Adjust or Increase Lighting. Make sure your elderly loved one is exposed to natural light each day. Natural light will help to regulate their circadian rhythm, which contributes to a steady sleep/wake schedule. If regular exposure to natural light isn’t possible, you may want to consult with your loved one’s doctor and discuss getting a light therapy lamp.
Artificial light can also be used to help reduce sundowning symptoms - for seniors with dementia, shadows “can create confusion and hallucinations, especially with common objects that look different when it is darker.” To avoid confusion, turn on indoor lights at dusk, and keep your loved one’s living space well-lit.
Create Calm. Sundowning has been described as “complete disorientation; frequently [with] some degree of agitation and panic.” If your loved one has sundowning syndrome, try to create a calming or soothing environment, especially later in the day. Surround your loved with familiar or favourite items: put on an old episode of their preferred television show, encourage them to look through an album of photographs, or find an easy activity that they can enjoy, like building with Lego.
You may also want to see if your loved one responds positively to aromatherapy or music therapy. The scent of lavender essential oil can produce sedative effects for some, while music therapy can be effective in reducing anxiety.
Modify Mealtimes. Hunger and excessive fullness can both be triggers for sundowning. It’s important to make sure your loved one is eating enough on a daily basis, and it’s also important to make sure they’re not eating particularly large meals late in the day - the digestive process can keep them up at night.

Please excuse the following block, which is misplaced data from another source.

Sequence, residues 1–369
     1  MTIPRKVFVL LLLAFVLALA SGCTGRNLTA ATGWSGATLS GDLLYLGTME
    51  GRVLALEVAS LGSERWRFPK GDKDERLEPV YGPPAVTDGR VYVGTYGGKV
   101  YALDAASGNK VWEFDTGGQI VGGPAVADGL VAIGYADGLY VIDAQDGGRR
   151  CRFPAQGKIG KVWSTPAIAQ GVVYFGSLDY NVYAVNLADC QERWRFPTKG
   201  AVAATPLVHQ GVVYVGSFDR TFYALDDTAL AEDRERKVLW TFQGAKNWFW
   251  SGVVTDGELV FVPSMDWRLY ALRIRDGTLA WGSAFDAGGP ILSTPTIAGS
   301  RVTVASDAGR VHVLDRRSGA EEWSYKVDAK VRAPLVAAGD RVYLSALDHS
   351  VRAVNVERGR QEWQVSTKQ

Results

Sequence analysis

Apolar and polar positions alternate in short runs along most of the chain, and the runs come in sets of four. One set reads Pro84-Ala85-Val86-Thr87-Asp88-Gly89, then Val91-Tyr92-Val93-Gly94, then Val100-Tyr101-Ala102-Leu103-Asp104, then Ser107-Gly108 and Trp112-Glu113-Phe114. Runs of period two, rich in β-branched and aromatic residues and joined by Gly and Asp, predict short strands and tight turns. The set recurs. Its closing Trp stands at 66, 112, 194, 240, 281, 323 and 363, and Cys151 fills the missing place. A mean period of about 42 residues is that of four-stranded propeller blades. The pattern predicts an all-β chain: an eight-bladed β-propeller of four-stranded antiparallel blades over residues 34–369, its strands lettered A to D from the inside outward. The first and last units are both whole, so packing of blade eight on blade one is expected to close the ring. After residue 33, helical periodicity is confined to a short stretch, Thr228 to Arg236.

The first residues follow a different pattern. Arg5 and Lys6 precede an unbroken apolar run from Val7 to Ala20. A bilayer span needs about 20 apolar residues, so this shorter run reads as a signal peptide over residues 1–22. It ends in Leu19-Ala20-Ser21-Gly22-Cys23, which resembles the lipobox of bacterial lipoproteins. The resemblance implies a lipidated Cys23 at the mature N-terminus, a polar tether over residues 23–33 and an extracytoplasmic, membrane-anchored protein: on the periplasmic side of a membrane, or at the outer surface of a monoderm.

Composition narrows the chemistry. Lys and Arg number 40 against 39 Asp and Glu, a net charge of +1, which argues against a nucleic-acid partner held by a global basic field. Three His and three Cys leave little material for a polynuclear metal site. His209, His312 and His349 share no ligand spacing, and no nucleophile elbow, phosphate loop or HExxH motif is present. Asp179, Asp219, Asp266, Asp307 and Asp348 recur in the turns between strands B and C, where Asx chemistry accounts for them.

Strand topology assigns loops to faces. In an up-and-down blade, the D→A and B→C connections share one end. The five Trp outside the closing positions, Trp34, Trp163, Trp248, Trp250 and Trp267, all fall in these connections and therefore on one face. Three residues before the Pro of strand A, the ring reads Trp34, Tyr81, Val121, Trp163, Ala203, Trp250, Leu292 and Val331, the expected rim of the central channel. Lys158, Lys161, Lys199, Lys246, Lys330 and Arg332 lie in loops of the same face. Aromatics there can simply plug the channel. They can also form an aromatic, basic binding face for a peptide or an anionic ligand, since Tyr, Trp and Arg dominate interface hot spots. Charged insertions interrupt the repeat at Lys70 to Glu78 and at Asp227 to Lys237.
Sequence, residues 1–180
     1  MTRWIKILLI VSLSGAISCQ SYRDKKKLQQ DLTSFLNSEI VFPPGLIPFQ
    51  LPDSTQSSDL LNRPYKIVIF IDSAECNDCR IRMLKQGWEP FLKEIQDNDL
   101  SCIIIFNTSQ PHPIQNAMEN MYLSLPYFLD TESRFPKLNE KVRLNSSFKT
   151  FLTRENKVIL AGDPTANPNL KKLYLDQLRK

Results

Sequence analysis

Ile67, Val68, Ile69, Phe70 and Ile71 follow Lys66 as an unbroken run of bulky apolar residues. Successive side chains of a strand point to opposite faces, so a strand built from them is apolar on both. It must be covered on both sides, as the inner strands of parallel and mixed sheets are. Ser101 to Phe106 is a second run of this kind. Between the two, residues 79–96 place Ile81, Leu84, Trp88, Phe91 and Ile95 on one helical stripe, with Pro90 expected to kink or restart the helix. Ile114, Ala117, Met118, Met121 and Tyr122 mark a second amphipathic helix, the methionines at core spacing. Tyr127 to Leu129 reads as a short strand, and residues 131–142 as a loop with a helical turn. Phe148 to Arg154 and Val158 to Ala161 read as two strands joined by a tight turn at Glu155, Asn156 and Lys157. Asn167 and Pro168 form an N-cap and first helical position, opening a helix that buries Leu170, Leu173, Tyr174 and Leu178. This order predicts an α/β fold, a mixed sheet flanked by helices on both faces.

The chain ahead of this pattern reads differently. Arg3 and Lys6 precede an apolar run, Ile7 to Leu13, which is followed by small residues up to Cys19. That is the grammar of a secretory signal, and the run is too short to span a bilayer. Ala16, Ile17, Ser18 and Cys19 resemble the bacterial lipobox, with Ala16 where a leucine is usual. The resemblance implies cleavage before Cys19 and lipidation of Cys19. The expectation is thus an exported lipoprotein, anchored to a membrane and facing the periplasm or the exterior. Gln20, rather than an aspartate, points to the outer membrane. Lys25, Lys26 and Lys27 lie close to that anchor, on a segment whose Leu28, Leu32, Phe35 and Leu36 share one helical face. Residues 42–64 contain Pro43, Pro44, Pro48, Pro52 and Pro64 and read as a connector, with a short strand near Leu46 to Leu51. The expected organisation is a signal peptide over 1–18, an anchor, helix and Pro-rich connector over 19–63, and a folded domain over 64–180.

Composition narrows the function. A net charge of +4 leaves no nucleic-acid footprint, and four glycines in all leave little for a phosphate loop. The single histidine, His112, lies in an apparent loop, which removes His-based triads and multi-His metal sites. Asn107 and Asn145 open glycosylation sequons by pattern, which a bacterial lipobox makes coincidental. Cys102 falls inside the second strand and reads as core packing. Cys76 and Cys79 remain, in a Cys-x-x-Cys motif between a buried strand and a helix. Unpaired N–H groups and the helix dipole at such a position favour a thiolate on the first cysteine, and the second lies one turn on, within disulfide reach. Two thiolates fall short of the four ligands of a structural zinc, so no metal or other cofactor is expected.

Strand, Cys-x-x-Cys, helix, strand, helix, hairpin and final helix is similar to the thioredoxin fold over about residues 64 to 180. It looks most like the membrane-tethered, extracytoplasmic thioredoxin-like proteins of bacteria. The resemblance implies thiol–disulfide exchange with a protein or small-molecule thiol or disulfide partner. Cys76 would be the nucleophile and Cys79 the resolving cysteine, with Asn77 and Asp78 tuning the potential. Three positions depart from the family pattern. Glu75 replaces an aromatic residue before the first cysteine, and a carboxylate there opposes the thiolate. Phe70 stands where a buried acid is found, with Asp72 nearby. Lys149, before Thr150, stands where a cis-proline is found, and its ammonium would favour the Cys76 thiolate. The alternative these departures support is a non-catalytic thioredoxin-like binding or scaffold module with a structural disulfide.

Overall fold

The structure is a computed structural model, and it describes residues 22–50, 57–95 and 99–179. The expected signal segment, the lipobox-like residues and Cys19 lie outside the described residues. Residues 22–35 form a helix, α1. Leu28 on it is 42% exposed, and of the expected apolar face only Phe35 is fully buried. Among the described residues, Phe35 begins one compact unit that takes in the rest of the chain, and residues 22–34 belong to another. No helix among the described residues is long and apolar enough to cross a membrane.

Encourage your loved one to eat a substantial lunch, and a lighter meal or a couple snacks later in the day. Try to minimize the caffeine, alcohol, and sugar they consume to whatever extent you are able, particularly if you notice that any of these substances act as triggers for your loved one’s sundowning.
Explore Medications. If non-medicinal interventions are not making a significant impact, speak with your loved one’s doctor about potential pharmaceutical treatments. Common treatments include melatonin, anti-anxiety medications, drugs like Ambien to help regulate sleep schedules, and antipsychotics if delusions or hallucinations are extreme. Your loved one’s doctor should carefully monitor their reactions to any medications to make sure that the benefits outweigh the risks.
Some of these strategies might seem more suited to your loved one’s personality, health condition, and behaviours than others; you may want to implement those first.
How does Sundowning Impact Caregivers?
Caring for a senior with dementia, even when sundowning is not a concern, can be mentally, emotionally, and physically demanding. The Alzheimer’s Association reports that caregivers for persons with dementia “frequently report experiencing high levels of stress,” including anxiety and depression.
Caregiver burnout is detrimental to the mental and physical health of the caregiver in question, and a burned out caregiver can also trigger sundowning symptoms - a tired, angry, or frustrated caregiver can unintentionally give a sundowning senior nonverbal signals that something is amiss, which can in turn produce agitation and confusion.
It is important for both you and the senior you care for that you practice self-care and find a support system. If you are feeling overwhelmed by your caregiving responsibilities, ask for help. See if family members or friends can step into the caregiving role for a period of time, or explore the option of getting a certified caregiver with experience in dementia care to assist in maintaining your loved one’s routine, handling their sundowning symptoms, and providing them with comfort and companionship.
Sundowning can be a very challenging element of Alzheimer’s disease and dementia, both for the person struggling with the symptoms, and for their loved ones and/or caregivers. Although these strategies are not cures for sundowning, the right mix can prevent or lessen sundowning episodes to provide relief for you and your loved one.